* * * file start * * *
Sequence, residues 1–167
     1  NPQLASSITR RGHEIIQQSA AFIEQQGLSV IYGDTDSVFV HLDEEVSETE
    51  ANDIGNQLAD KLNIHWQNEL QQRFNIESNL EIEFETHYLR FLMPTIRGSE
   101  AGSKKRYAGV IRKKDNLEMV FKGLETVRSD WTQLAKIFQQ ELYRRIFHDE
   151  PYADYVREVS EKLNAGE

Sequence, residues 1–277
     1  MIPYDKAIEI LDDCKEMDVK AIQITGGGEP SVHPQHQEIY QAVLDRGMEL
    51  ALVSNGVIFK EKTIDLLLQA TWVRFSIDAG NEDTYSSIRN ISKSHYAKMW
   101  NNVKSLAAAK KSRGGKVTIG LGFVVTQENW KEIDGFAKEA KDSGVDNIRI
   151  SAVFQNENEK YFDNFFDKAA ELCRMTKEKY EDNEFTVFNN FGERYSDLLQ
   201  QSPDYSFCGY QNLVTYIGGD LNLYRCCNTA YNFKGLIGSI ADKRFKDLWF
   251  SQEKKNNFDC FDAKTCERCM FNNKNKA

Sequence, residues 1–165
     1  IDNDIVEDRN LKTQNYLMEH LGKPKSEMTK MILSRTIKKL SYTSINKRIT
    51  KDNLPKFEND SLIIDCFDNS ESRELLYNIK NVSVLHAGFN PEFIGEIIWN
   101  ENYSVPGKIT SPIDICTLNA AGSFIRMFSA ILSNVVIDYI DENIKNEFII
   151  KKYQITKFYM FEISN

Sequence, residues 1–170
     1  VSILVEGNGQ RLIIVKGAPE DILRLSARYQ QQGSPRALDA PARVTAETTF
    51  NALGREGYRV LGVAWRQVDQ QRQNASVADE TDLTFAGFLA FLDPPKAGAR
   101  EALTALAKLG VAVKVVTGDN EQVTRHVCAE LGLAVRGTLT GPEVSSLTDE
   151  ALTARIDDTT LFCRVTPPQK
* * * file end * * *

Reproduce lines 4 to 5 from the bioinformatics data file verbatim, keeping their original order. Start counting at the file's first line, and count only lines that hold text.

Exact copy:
   101  AGSKKRYAGV IRKKDNLEMV FKGLETVRSD WTQLAKIFQQ ELYRRIFHDE
   151  PYADYVREVS EKLNAGE